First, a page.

Egypt Independent

Zamalek streets closed for third metro line construction



The National Authority for Tunnels and the Public Administration of Giza Traffic closed the area extending from Ismail Mohamed Street to Brazil Street in Zamalek on Sunday, for a week to gauge the impact of the closure on traffic.

The French-Egyptian consortium, constructing the metro third line, began site inspection in preparation for the transfer of equipment, to start work in few days.

The companies, as well as the National Authority for Tunnels, have to experiment with construction measures before beginning the project, to discern the impact of drilling on the surrounding area, according to Spokesman of the National Tunnels Authority Hassan Tawfik.

A lawsuit was filed against Chairman of the Board of Directors of the National Authority for Tunnels, aiming to halt the implementation of the third construction phase for the third line of the Cairo Underground Metro, under Ismail Mohamed Street in Zamalek Island.

Some of the more zealous residents of Zamalek, who object to the subway tunneling through their neighborhood, have trickled into the courthouse gradually. They claim Zamalek the island soil is weak and it is not suitable for metro traffic.

The details of the case were given by one of the involved, residents who is adamantly against the project, “The street they chose for the station is a very small and is a one way, we are afraid that houses or lives may get harmed.”

The judicial dispute began with Ibrahim Seoudi, the lawyer for the 40 plaintiffs, submitting special engineering studies to the court that suggest that the implementation of the third phase of the third line of the subway would place Zamalek area in serious danger, threatening the architectural and cultural heritage of the area.

Nevertheless, a substitute route has been suggested by the Japan International Cooperation Agency (JICA), passing through the Kit Kat area then over the Nile via a bridge. Seoudi said this suggestion was mentioned in one of the books of the former Transport Minister Ibrahim al-Demiri.

“This route is less expensive and more secure, costing no more than 3 percent of the cost of underground drilling,” said Seoudi, adding: “The subject lacks transparency, and we didn’t feel that there were any serious soil studies in Zamalek.”

Seoudi questioned the increased interest value of the loans for the preliminary phases of the metro, according to some documents of the case. The documents include the financial protocol signed between the government and the French body funding the project, stating “The interest rate in the first phase was 0.02 percent and in the third phase it became 1.97 percent.”

In a telephone interview with Al-Masry Al-Youm, Tawfik explained that the claim that the soil is unsuitable for drilling works in Zamalek has been shown to be incorrect, both geometrically and scientifically. This fact is reflected in the Opera metro station of the second line of the subway, which is located in Gezira island, near Zamalek neighborhood: “The Opera metro station opened in 1996, and we know the soil better now. [In fact,] what is supposed to happen after 21 years, is that the technology has evolved,” Tawfik said.

In the April 18 session, the court set July 1 to issue a verdict in the case No. 55989, considered by Seoudi as a positive step.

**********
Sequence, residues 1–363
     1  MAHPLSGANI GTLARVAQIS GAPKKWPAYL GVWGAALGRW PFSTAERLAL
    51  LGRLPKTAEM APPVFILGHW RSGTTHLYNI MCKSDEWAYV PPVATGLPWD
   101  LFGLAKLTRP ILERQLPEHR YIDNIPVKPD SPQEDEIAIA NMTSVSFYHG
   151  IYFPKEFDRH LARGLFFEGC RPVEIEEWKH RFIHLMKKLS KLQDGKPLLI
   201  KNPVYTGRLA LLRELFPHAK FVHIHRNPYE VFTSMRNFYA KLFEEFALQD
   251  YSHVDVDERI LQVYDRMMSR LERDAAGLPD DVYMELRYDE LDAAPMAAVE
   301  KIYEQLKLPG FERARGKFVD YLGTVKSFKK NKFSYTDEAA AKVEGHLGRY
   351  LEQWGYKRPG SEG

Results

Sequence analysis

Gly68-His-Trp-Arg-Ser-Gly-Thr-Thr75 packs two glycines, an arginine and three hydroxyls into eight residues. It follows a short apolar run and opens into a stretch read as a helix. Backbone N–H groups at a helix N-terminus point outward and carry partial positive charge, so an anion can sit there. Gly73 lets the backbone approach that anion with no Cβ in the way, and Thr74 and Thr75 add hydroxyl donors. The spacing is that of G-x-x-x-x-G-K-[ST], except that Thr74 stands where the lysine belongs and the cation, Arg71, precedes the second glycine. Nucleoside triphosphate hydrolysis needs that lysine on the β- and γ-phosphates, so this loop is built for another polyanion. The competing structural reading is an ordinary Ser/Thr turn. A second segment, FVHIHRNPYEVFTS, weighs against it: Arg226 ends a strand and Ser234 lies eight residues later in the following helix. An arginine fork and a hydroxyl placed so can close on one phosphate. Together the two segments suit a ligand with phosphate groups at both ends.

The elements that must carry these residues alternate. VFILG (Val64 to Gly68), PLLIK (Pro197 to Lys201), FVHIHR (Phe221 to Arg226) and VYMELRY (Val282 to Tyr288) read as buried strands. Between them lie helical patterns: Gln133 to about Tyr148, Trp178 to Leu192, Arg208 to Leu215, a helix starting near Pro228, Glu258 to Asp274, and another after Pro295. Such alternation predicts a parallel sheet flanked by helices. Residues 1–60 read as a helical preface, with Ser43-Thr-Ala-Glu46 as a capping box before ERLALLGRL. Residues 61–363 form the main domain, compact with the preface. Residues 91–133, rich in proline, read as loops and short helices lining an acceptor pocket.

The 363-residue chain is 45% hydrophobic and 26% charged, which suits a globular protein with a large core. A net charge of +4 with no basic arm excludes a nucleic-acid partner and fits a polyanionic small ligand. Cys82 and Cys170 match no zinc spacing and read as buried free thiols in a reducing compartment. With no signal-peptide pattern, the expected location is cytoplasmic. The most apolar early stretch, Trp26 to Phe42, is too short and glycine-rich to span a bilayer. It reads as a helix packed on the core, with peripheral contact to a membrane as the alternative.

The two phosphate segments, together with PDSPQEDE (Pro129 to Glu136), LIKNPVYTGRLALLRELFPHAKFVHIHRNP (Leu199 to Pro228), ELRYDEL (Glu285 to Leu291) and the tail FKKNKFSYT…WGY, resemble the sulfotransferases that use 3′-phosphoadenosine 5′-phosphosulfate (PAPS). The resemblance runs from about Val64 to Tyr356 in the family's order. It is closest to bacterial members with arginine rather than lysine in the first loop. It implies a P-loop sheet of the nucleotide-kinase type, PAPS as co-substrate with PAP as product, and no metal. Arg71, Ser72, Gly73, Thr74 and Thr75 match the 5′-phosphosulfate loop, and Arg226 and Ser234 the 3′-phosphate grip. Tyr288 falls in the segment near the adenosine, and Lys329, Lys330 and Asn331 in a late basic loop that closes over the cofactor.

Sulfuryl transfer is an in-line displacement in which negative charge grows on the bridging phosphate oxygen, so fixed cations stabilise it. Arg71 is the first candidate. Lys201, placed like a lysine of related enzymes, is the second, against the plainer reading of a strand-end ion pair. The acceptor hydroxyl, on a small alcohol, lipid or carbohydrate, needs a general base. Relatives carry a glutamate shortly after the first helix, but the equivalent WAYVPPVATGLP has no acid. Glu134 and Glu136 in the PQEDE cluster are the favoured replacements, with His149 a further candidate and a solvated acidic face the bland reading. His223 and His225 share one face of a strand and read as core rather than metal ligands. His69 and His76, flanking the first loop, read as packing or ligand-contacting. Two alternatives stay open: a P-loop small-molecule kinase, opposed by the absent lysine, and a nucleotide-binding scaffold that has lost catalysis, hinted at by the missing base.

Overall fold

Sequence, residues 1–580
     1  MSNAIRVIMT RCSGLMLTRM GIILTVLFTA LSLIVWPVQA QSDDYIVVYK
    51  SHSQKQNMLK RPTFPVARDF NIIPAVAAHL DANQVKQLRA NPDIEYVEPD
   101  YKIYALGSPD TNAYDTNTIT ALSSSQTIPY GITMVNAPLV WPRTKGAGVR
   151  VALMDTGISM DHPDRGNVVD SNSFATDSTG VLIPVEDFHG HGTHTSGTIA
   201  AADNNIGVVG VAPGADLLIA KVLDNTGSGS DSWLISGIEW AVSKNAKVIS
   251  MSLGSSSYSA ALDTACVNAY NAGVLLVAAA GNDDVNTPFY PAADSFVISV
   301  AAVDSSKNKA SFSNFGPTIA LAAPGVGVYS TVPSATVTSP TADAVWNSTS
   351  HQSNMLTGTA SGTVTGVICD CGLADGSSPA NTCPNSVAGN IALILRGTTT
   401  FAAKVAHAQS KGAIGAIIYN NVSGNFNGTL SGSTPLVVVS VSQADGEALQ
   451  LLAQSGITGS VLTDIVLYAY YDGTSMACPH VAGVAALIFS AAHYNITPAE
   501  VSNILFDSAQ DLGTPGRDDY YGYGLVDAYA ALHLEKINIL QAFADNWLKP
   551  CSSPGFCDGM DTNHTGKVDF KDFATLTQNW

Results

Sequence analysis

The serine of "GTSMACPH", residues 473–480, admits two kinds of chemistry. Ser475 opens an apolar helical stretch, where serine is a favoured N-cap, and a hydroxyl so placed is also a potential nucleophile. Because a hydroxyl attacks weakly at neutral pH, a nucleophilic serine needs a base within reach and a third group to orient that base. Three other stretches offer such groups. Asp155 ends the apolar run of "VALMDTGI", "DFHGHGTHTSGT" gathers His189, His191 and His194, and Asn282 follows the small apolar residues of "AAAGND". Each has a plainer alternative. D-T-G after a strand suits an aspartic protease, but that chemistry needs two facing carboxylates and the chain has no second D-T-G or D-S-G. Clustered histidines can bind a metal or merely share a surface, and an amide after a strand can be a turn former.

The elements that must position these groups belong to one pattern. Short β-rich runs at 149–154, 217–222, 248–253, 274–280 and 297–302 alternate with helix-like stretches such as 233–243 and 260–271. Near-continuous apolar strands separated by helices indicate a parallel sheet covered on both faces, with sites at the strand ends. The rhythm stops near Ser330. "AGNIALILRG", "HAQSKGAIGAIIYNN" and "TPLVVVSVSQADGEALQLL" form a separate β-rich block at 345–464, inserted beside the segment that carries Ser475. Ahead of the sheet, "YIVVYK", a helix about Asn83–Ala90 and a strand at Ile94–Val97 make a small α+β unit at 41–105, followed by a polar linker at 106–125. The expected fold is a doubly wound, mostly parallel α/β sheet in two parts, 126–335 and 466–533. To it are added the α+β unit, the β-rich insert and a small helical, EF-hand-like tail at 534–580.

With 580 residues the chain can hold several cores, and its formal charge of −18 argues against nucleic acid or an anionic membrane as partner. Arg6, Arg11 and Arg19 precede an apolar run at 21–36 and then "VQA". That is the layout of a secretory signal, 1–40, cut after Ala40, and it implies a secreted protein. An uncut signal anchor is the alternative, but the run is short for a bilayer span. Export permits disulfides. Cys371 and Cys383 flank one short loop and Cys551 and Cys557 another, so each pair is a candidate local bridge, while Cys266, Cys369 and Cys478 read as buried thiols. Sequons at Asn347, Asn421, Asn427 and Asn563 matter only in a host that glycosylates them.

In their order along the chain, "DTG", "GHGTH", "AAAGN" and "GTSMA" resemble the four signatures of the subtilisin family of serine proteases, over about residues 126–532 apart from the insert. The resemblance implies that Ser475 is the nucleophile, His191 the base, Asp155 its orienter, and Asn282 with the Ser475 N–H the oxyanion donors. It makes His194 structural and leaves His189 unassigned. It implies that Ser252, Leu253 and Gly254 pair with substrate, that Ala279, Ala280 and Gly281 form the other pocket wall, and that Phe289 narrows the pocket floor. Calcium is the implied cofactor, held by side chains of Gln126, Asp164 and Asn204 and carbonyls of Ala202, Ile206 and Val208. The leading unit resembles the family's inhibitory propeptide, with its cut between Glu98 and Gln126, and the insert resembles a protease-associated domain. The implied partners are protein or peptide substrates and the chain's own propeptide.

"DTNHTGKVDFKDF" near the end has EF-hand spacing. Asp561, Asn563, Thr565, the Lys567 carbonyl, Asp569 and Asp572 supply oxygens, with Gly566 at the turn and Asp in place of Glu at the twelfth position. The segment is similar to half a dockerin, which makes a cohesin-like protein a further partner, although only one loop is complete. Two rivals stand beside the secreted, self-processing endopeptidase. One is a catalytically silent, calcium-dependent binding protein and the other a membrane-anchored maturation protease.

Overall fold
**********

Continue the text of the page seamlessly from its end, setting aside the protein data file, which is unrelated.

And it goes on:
Meanwhile, in the struggle against the Zamalek metro, there have been calls for the president to intervene. Residents express themselves fervently in the Facebook group “Save Zamalek Island,” home to about 2,000 residents of the prestigious district.

“The security of Zamalek,” is one of the main concerns shared among the members of this community, as well as pushing the third line of the subway to an alternative route which does not pass through the island. The civil struggle of the residents has caused them to resort to a judicial approach. For their legal battle, they filed a case with the State Council three years ago against the National Authority for Tunnels, which is affiliated with Transport Ministry, as well as organized attempts to advocate and gain public support for the fairness of their demands.

In an elegant paper case, Maha al-Tarabeshi, a media professor, resident of Zamalek and a strong activist in the Zamalek metro case, keeps a semi-complete archive of Zamalek residents’ campaign against the Zamalek subway station, tracing a clear map of the campaign’s history from its inception.

Tarabeshi and her family have lived in the Zamalek neighborhood since she was a child, a quiet area embracing several foreign communities because of the scattered diplomatic bodies in it. “90% of the embassies in Egypt are in the Zamalek district. Here is where ambassadors and members of diplomatic bodies reside,” she said.

Since hearing the news about the new metro station in her neighborhood, the issue of securing the diplomatic buildings in the vicinity, as well as her own personal security and that of her family, became a matter of concern: “Anyone can come to Zamalek through the Metro and commit a terrorist act,” Tarabeshi exclaimed.

In one of the halls of Abdel Moneim El Sawy Culture Wheel in Zamalek, there was a public meeting in 2012 between the residents and the head of the National Authority for Tunnels, Major General Ismail al-Najdi. However, the public meeting did not end well, with Najdi withdrawing in the middle of the meeting during an argument with the audience.

After nearly three years of litigation, and arguments with the representatives of the state, the campaigners are frustrated and hopeless. “We hang no great hope on the judicial judgment, but we have to try. We have published more than one appeal to the presidency on the pages of newspapers. After the first appeal, there was a good response, then, later we just didn’t hear anything and we don’t know what happened,” Tarabeshi explained.

Edited Translation From Al-Masry Al-Youm